Why Diet and Exercise Are Important for Your Knee
When we talk about knee pain we typically start with a diagnosis. This is what is wrong with your knee, a medical description term. Sometimes this makes complete sense to the patient, while at other times it is meaningless.
There exists a separate medical term doctors put on or x-rays or MRI reports, operative reports, and medical consultations. Patients are given lay terms like torn cartilage, clean out my knee, or bone on bone. This becomes important when we discuss diet and exercise.
What is wrong with the knee? What are we concerned with in rehabilitation or regeneration? How do we get from Point A to point B? A plan is needed. Truly understanding your knee, what is wrong with it, what makes it worse, and can help improve it are very important. Diet and exercise are two important knee health concerns.
Diet and your Knee
Diet is a multifaceted topic, especially when discussing knee health. are we talking about what you eat, or what you weigh? Both are often discussed.
Some people have no concerns with either issue and others who should be concerned, are not. What you eat can influence why you weigh too much, and also why you hurt so much. Let’s break that down.
Eating the wrong types of food and when you consume them, often is the culprit in not losing weight. Americans notoriously consume too many processed carbohydrates. Pure and simple sugars. Carbohydrates that are simple chains of sugar, cause a rapid rise in blood insulin levels. This in terms results in the intracellular storage of food as fat. Slow release complex carbohydrates, resulting in a decreased insulin spike.
The addition of healthy fats and protein to a meal with complex carbohydrates release glucagon to buffer the insulin further. This makes food a more metabolically controlled tool to use food for use as fuel, build muscle, and burn fat even. Understanding food intake better leads to the ability to diet more effectively and shape your destiny rather than be a slave to it. Also, unhealthy diets can lead to overall inflammation of the body. This can lead to more knee pain, and trigger more progression of knee arthritis. Much as inflammation from unhealthy diets can be bad for your heart, they are also bad for your joints and knees.Lastly, the overall effect of weight on your knee is important too. Height and weight ratios are very important assessment tools for the Sports and Regenerative physician. For every 10 pounds of extra weight, there are 50 pounds of extra force transmitted to your knee. For that matter, it is also transmitted to your hip, knee, ankle, and foot. The weight goes downward as force load, just like carrying a heavy backpack all day. All important to consider when understanding why knees hurt, and how to help them feel better.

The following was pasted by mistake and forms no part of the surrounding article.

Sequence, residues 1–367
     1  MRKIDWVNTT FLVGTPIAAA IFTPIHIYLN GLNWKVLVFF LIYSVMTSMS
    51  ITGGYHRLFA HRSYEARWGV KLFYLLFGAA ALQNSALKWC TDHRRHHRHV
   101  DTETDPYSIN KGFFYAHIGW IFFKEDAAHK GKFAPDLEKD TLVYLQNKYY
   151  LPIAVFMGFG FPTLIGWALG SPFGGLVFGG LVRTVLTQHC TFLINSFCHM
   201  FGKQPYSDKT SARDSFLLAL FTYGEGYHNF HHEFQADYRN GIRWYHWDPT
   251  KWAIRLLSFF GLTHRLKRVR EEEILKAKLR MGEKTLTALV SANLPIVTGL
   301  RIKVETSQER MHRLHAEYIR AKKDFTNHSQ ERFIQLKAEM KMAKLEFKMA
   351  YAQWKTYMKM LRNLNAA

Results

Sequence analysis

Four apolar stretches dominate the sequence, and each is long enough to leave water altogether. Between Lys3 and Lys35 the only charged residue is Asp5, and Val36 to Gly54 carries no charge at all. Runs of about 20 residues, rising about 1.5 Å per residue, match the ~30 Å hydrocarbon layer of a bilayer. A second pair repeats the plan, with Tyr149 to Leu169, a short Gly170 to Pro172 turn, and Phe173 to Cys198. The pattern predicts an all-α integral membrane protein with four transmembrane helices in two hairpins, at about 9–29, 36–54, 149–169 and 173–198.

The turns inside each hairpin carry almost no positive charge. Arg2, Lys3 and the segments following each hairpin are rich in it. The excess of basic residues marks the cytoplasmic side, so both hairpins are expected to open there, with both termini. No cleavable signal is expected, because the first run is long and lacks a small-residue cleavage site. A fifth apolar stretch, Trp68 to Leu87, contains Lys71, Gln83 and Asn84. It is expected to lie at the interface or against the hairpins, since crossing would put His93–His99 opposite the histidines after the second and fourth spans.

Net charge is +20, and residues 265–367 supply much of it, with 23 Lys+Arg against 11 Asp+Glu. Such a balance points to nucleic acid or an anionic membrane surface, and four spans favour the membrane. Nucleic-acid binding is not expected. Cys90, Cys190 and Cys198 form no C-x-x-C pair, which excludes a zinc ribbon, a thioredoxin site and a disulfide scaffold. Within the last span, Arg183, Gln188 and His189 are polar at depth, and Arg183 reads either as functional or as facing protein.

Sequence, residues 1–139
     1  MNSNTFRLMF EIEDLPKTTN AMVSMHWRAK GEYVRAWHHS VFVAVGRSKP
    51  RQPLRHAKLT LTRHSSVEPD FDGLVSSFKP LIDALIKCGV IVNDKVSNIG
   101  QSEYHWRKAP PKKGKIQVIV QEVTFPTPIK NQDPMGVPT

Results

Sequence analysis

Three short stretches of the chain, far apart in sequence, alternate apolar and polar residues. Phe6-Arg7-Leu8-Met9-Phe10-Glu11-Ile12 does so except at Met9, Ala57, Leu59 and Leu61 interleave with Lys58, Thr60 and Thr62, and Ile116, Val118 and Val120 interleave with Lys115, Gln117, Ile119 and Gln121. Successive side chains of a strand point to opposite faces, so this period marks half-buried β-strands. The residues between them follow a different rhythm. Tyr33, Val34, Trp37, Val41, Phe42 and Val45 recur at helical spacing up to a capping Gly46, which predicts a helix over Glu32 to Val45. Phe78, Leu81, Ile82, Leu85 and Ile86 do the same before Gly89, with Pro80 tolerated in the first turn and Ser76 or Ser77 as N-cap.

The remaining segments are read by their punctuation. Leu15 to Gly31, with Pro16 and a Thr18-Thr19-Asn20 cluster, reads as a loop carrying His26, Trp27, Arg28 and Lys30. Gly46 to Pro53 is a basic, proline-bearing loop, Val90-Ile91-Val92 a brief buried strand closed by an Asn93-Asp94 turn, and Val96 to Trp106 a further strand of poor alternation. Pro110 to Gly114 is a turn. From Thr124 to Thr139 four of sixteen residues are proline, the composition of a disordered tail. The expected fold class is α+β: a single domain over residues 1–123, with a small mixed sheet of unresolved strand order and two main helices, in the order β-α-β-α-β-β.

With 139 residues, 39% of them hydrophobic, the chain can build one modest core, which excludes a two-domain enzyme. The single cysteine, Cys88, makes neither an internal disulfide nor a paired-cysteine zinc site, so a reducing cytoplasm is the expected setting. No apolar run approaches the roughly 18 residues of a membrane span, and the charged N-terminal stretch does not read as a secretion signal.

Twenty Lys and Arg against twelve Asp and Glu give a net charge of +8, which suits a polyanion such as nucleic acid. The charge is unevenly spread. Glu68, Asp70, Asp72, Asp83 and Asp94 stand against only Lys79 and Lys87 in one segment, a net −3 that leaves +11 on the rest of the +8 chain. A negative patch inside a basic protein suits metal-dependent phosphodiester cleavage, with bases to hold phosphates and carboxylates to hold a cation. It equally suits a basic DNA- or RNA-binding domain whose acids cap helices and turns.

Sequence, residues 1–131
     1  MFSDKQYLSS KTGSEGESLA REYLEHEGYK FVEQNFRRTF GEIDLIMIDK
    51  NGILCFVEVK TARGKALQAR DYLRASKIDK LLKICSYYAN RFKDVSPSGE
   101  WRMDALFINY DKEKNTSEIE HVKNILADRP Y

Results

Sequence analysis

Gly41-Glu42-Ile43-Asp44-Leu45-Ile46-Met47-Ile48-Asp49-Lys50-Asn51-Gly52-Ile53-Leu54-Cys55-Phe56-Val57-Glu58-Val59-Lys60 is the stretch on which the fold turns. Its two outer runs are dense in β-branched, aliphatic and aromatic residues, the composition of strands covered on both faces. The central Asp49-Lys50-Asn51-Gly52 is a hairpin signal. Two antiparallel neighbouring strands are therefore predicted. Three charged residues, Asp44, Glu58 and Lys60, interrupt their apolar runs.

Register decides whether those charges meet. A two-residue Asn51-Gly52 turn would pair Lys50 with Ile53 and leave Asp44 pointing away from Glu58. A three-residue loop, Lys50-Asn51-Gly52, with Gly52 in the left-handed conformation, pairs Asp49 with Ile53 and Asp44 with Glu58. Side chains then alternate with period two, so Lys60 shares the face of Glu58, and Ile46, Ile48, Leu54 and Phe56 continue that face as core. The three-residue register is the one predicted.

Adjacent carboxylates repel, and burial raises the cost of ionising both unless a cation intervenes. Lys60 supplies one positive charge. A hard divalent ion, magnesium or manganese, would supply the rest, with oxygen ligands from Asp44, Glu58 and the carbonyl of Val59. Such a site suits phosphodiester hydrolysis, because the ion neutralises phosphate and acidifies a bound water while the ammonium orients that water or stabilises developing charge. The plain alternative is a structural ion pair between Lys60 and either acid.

Exercise and your Knee
The type of exercise patients do, want to do in the future, and what is actually good for their knee depends on a lot of factors, most importantly the diagnosis of what is wrong with your knee. Walking is not the same type of knee exercise for someone with little knee joint cartilage left. If the same individual is 100 pounds overweight, it is even more different. The same for running, tennis, treadmills, and lifting weights such as squats. Thorough knowledge of all factors impacting the knee is required to do the best job in exercise prescription. There is no uniform exercise for everyone. Nor is there a one size fits all Regenerative Medicine Stem cell procedure for everyone. It is impossible to treat all humans with the same program and do a proper Medical, Regenerative, and Rehabilitation program for everyone. Each patient deserves an individualized program based upon what is best for them.
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About Dennis M. Lox, M.D.
Whether you are a professional athlete, weekend warrior, or have arthritis from aging, Dr. Lox can help.
Dennis M. Lox, M.D. is an internationally renown Sports and Regenerative Medicine specialist. Dr. Lox incorporates Regenerative Medicine techniques such as cell science applications, Platelet Rich Plasma (PRP), and Tissue Engineering aspects, to help patients from around the world with a vast array of problems. Dr. Lox is board certified in Physical Medicine and Rehabilitation. Dr. Lox lectures extensively and has edited two PM&R textbooks, the prestigious A State of the Art Review (Star) on Low Back Pain, and Soft Tissue Injuries: Diagnosis and Treatment.
Dennis M. Lox, M.D. maintains an active practice in the Tampa Bay, Florida area, and in Beverly Hills, California.